Ellen D. Moss

Ellen D. Moss
Newcastle University | NCL · Population Health Sciences Institute

BSc, MSc, PhD

About

21
Publications
3,541
Reads
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431
Citations
Citations since 2016
4 Research Items
394 Citations
20162017201820192020202120220102030405060
20162017201820192020202120220102030405060
20162017201820192020202120220102030405060
20162017201820192020202120220102030405060
Introduction
I'm a biological modeller with experience working in entomology, ecology, and epidemiology. I use a combination of novel technologies, citizen science data, routinely collected observational data, and statistical modelling to answer questions relating to: climate change impacts on species distributions, spatio-temporal modelling of disease risk, how novel data sources and analysis methods can be used to improve clinical trials, and how machine learning can be used to support decision-making.
Additional affiliations
September 2019 - March 2020
Newcastle University
Position
  • Temporary lecturer
Description
  • Redesigning, updating, and delivering a stage 2 entomology module.
January 2019 - July 2022
Newcastle University
Position
  • PostDoc Position
Description
  • Working on a variety of ecological, entomological, epidemiological, and analytical projects.
April 2011 - September 2013
University of Reading
Position
  • Field Assistant and Entomologist
Education
December 2015 - November 2018
Newcastle University
Field of study
  • Ecology
October 2013 - December 2015
University of Hull
Field of study
  • Ecology
September 2006 - September 2007
Newcastle University
Field of study
  • Wildlife Conservation and Management

Publications

Publications (21)
Article
Full-text available
Apple production in the UK is worth over £100 million per annum and this production is heavily dependent on insect pollination. Despite its importance, it is not clear which insect pollinators carry out the majority of this pollination. Furthermore, it is unknown whether current UK apple production, in terms of both yield and quality, suffers po...
Article
Full-text available
Change in land cover is thought to be one of the key drivers of pollinator declines, and yet there is a dearth of studies exploring the relationships between historical changes in land cover and shifts in pollinator communities. Here, we explore, for the first time, land cover changes in England over more than 80 years, and relate them to concurren...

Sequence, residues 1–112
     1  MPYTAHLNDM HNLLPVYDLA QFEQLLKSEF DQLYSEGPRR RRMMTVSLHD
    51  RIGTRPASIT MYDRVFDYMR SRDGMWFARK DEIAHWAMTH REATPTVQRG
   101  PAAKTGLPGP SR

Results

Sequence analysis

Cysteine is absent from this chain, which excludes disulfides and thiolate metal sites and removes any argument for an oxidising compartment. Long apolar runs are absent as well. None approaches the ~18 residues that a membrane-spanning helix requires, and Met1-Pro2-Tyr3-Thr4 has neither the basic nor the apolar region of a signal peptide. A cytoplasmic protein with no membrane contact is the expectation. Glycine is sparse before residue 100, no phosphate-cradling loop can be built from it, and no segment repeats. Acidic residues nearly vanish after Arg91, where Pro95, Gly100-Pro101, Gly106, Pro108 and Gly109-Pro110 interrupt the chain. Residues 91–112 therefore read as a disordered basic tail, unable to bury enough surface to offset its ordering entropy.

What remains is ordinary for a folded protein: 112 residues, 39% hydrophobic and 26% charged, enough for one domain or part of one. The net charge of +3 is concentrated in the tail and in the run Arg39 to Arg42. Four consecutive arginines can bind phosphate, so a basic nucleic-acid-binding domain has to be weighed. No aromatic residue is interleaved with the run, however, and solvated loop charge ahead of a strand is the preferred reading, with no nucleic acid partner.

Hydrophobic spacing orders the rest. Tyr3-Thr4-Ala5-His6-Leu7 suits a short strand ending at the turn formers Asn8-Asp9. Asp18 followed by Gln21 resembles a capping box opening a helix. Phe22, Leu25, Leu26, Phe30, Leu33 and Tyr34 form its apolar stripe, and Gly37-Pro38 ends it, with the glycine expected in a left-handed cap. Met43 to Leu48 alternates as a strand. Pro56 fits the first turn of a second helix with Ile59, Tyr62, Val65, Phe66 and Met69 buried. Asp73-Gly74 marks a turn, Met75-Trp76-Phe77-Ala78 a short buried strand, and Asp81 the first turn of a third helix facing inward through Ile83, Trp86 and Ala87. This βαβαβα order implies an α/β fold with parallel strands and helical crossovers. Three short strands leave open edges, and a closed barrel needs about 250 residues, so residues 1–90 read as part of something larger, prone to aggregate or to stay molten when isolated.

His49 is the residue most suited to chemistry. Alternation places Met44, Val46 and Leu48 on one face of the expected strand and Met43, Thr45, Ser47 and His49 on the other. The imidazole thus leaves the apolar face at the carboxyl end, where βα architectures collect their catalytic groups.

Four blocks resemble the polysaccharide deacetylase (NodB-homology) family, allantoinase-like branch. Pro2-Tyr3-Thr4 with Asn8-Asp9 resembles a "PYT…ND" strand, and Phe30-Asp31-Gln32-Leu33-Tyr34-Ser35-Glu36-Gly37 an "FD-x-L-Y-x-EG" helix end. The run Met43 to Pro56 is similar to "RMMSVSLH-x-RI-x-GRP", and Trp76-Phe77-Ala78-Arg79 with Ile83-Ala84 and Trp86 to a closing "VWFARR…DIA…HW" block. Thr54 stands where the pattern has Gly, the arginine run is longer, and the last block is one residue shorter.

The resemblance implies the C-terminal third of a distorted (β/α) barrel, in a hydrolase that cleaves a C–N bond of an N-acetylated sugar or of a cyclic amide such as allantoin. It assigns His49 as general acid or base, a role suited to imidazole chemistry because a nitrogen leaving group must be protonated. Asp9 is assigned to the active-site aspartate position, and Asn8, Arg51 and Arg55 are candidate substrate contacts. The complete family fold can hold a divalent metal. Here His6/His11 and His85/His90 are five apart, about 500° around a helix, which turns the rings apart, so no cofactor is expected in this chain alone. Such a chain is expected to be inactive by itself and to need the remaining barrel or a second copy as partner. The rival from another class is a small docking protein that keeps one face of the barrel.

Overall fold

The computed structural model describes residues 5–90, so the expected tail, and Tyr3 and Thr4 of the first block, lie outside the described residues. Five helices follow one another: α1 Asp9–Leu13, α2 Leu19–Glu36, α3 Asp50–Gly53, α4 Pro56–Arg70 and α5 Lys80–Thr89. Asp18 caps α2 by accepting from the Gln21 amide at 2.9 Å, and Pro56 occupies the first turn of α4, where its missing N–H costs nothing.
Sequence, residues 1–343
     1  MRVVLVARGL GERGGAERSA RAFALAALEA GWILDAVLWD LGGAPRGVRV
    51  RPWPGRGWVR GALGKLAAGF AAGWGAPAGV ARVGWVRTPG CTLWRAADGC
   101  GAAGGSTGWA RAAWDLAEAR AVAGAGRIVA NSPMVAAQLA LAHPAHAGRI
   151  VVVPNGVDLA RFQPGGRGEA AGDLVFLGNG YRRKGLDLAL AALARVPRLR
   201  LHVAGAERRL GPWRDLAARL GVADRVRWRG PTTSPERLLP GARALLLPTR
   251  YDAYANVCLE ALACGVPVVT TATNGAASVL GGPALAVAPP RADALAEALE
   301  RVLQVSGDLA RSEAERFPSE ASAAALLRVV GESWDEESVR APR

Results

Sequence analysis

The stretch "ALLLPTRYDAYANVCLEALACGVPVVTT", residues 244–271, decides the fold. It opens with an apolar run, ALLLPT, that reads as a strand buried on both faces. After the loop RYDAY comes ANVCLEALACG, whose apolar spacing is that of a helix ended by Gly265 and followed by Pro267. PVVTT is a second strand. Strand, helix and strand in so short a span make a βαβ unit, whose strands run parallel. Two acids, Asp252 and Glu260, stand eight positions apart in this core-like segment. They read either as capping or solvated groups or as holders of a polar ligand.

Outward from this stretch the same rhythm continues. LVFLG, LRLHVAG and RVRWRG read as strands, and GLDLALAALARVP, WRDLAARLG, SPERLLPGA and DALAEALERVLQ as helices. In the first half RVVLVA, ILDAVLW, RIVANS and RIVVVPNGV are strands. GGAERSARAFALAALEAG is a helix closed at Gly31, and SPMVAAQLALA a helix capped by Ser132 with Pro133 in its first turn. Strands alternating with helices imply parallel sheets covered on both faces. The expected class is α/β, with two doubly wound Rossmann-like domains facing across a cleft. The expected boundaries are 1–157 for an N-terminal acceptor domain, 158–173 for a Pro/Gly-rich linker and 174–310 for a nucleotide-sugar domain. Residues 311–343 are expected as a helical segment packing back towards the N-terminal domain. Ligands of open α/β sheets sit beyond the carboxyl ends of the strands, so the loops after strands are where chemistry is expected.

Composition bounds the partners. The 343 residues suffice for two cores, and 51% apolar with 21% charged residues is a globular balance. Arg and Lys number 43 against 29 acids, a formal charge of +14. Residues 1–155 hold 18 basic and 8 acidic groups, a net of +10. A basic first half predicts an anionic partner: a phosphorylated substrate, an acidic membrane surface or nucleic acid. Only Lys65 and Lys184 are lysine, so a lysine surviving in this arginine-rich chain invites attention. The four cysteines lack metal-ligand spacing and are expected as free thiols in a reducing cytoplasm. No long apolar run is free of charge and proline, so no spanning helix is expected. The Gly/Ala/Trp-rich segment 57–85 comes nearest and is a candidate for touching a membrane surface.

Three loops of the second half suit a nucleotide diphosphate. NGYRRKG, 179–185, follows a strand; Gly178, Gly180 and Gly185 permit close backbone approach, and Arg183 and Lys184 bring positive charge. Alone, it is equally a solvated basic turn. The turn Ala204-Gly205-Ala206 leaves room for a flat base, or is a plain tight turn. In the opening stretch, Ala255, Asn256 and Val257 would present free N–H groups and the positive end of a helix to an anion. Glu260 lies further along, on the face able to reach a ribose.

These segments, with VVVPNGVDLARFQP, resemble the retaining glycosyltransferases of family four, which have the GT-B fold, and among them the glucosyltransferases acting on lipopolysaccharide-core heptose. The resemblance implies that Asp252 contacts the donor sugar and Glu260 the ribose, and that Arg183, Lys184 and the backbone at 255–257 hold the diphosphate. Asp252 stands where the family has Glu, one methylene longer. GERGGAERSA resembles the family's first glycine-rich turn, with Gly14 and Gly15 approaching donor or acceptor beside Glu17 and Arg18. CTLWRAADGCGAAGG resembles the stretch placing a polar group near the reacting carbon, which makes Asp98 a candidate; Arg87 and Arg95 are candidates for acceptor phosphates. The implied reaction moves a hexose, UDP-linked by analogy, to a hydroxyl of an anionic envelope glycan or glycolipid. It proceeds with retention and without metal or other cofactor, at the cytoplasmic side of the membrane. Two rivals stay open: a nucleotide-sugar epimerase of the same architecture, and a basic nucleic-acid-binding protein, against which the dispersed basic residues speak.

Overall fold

Article
Full-text available
Bee populations and other pollinators face multiple, synergistically acting threats, which have led to population declines, loss of local species richness and pollination services, and extinctions. However, our understanding of the degree, distribution and causes of declines is patchy, in part due to inadequate monitoring systems, with the challeng...
Article
It is unclear how sustained increases in temperature and changes in precipitation, as a result of climate‐change, will affect crops and their interactions with agricultural weeds, insect pests and predators, due to the difficulties in quantifying changes in such complex relationships. We simulated the combined effects of increasing temperature (by...
Article
Full-text available
Declines in pollinating insects and wildflowers have been well documented in recent years. Climate change is an emerging threat to insect pollinators and their food plants, but little is known about how whole communities of interacting species will be affected or what impacts there may be on ecosystem services such as pollination. Using a novel ope...
Article
Research into pollinators in managed landscapes has recently combined approaches of pollination ecology and landscape ecology, because key stressors are likely to interact across wide areas. While laboratory and field experiments are valuable for furthering understanding, studies are required to investigate the interacting drivers of pollinator hea...
Article
Understanding how climate change will affect agro-ecosystems and the ecosystem services they provide is a significant global challenge. Investigating this topic requires a holistic approach that can capture the complexity of agro-ecosystems and assess impacts on the physical, biological, and socio-economic aspects of the system. The Drivers-Pressur...
Data
Appendix S2. Read map (see Fig. S2) for CN_CG_2.
Data
Appendix S3. Read map (see Fig. S2) for CN_CG_3.
Data
Appendix S4.Read map (see Fig. S2) for CS_OELS_1.
Data
Appendix S5. Read map (see Fig. S2) for CS_OELS_2.
Data
Appendix S6. Read map (see Fig. S2) for HD_CG_1.
Data
Appendix S7. Read map (see Fig. S2) for HD_CG_2.
Data
Appendix S8. Read map (see Fig. S2) for HD_CG_3.
Data
Appendix S9. Read map (see Fig. S2) for LW_CG_1.
Data
Fig. S1. The 48 reference mitogenomes, color‐coded for the 13 protein‐coding genes and the rDNA+Control Region. Fig. S2. Mapping of reads (red line segments) on reference mitogenomes (black lines). Fig. S3. Metabarcoding primers. Fig. S4. Scatterplot of Biomasses versus Metabarcoding Read numbers. Fig. S5. Community analyses for Metabarcoding d...
Data
Appendix S10. Read map (see Fig. S2) for LW_ELS_1.
Data
Table S1. DNA and assembly quality information for the 48 reference bee species and the 10 bulk samples. Table S2. Bee counts, biomasses, andmetabarcoding read numbers, subdivided by sample (columns) and bee species (rows).
Data
Appendix S1. Read map (see Fig. S2) for CN_CG_1.
Article
Full-text available
Apple production in the UK is worth over £100 million per annum and this production is heavily dependent on insect pollination. Despite its importance, it is not clear which insect pollinators carry out the majority of this pollination. Furthermore, it is unknown whether current UK apple production, in terms of both yield and quality, suffers polli...

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